Don't blink. You read that headline correctly. The San Francisco Chronicle, paper of record for legions of Bay Area diners and their unwieldy opinions on food, will close its longstanding Food & Wine section and merge it with the paper's home section to create a new lifestyle section tentatively titled "Artisan." [Update: The Chronicle's response is below.]
The Food & Wine section, headed up by esteemed and not-so-anonymous critic Michael Bauer, has been well known as more than just a reviews machine. Even as the Hearst Corp. paper has downsized in recent years, the food and wine staffers had their own building (lovingly nicknamed the Tower of Bauer) which included a wine cellar, a test kitchen and their own rooftop honey bee farm. As the paper switches to the new "Artisan" section, which would have all the by-name credibility of a DiGiorno Pizza, no one will get laid off, but they will move back in with the rest of the paper's staff and lose their test kitchen.
The New York Times learned of the changes from a few anonymous Chron staffers who feared the scoop would get them in trouble with the management. According to those inside the four-time James Beard Award winning department, newspaper president Joanne Bradford told the staff last month that their section was, unlike the rooftop honey, not "sustainable" — although the staffers also maintain that they've never seen any market research on that. Last year, the Washington Post called Bauer's kitchen, "an envy of the newspaper industry" that cost about $1,500 per month just to test recipes.
Bradford, for her part, is actually leaving the paper at the end of the year to join Pinterest, where we assume she'll just be hard at work pinning recipes and nice pictures of pie. She will remain at the Chronicle as an adviser.
Update: Chronicle managing editor Audrey Cooper has responded to the New York Times' claim, saying the Grey Lady needs to get her facts straight. "It's impossible to separate food, restaurants and the culture of farm-to-table living from the San Francisco experience," Cooper begins, before accusing the New York Times of trying to discredit their West Coast competitor. She goes on to vaguely reassert the paper's commitment to Northern California food while giving us the newspaper version of a call to "eat local":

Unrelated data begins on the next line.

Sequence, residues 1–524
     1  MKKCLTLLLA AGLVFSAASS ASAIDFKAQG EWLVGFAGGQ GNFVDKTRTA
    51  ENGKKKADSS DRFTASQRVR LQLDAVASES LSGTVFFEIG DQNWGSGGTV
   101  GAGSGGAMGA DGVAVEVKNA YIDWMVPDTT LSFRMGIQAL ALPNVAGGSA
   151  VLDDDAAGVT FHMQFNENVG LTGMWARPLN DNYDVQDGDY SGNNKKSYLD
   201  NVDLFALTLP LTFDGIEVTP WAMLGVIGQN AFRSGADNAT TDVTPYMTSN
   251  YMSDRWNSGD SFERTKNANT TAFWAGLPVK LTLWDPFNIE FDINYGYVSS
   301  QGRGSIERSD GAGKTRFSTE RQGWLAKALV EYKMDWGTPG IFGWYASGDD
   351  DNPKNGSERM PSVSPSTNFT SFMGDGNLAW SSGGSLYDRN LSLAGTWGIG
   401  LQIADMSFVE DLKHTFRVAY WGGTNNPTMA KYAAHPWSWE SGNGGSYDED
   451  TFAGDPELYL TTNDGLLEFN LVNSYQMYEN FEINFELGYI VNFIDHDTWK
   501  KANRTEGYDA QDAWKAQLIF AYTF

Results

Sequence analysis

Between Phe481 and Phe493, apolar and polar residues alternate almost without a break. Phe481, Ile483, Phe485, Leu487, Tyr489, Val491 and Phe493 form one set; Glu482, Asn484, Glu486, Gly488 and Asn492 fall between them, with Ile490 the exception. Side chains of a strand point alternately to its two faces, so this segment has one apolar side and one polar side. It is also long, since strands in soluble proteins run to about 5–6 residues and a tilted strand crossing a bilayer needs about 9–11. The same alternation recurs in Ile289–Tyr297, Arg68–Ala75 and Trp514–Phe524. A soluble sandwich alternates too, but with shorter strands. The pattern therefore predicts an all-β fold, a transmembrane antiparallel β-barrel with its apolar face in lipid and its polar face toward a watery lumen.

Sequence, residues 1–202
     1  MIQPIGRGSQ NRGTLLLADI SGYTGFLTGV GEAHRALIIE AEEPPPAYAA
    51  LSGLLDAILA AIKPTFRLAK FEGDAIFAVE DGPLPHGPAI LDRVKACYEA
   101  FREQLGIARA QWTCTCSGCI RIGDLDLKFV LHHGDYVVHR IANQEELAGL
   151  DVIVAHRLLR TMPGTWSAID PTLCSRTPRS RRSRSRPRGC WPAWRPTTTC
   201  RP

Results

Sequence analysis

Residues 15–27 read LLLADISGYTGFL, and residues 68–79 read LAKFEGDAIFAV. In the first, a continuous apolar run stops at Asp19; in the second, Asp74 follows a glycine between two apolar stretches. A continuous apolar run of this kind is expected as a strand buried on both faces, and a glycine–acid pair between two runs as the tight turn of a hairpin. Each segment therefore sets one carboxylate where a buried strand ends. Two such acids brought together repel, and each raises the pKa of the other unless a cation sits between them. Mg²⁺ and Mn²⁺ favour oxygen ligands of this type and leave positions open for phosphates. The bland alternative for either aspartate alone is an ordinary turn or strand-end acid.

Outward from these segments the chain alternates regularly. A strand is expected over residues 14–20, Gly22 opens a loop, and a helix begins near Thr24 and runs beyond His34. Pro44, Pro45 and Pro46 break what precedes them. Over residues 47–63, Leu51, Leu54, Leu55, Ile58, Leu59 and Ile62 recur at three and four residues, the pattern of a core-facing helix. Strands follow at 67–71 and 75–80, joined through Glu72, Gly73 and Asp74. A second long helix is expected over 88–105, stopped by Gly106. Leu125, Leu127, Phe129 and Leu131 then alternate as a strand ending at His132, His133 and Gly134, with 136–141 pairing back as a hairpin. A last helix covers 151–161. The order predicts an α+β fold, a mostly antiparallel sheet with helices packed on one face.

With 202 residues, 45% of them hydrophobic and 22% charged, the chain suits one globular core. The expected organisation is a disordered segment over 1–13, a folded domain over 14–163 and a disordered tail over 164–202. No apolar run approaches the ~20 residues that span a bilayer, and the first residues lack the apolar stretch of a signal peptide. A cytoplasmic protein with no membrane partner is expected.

We are reinvesting in this coverage, exploring ways to have it more deeply permeate the entire newspaper while making all newspaper sections even more modern and relevant. We are undergoing a newspaper-wide section-by-section review with the idea that we need to reimagine sections to more intuitive cultural topics that are more aligned with how Northern Californians think and live.
We are exploring several opportunities, testing them with readers and conducting independent research to make sure we're delivering what our customers need and want. Once we decide on a path, we will make sure to celebrate it — just as we celebrate the amazing Northern California food culture.
I'd love to tell everyone right now what we're going to do. The truth is that we haven't decided it yet. But I can tell everyone unequivocally that our top priority is to continue doing the nation's best coverage of Northern California food and wine.